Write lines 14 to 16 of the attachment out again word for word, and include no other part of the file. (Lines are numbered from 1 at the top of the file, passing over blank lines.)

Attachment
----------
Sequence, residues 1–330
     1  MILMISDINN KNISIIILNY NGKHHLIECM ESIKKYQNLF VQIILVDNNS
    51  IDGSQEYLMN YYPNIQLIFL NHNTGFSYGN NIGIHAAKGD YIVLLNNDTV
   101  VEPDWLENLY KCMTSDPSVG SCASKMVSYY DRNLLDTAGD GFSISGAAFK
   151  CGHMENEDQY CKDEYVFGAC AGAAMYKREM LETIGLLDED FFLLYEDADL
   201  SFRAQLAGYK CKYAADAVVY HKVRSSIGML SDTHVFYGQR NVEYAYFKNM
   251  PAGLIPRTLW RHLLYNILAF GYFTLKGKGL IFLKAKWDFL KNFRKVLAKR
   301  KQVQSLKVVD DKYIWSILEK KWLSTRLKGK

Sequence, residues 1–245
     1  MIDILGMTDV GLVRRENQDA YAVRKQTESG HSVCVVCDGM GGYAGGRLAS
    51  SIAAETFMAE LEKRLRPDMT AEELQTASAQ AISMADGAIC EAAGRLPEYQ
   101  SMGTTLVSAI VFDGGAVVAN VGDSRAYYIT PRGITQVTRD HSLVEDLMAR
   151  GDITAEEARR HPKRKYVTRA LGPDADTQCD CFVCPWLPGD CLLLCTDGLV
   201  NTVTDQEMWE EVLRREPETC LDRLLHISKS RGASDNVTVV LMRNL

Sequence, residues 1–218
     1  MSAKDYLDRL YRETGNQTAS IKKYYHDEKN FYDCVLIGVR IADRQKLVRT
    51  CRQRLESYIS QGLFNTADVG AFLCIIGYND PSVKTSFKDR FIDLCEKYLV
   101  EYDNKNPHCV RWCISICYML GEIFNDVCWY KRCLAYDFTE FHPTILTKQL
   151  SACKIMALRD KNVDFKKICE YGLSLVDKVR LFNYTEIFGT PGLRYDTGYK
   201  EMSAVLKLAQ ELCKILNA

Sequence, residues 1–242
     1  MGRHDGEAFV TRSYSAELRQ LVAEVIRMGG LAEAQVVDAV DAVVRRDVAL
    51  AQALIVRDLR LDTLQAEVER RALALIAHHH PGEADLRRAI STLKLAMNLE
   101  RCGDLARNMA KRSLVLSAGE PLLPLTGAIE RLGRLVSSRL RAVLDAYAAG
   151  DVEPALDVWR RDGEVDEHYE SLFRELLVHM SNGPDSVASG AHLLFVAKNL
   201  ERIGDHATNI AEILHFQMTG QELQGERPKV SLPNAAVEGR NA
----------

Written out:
   201  NTVTDQEMWE EVLRREPETC LDRLLHISKS RGASDNVTVV LMRNL

Sequence, residues 1–218
     1  MSAKDYLDRL YRETGNQTAS IKKYYHDEKN FYDCVLIGVR IADRQKLVRT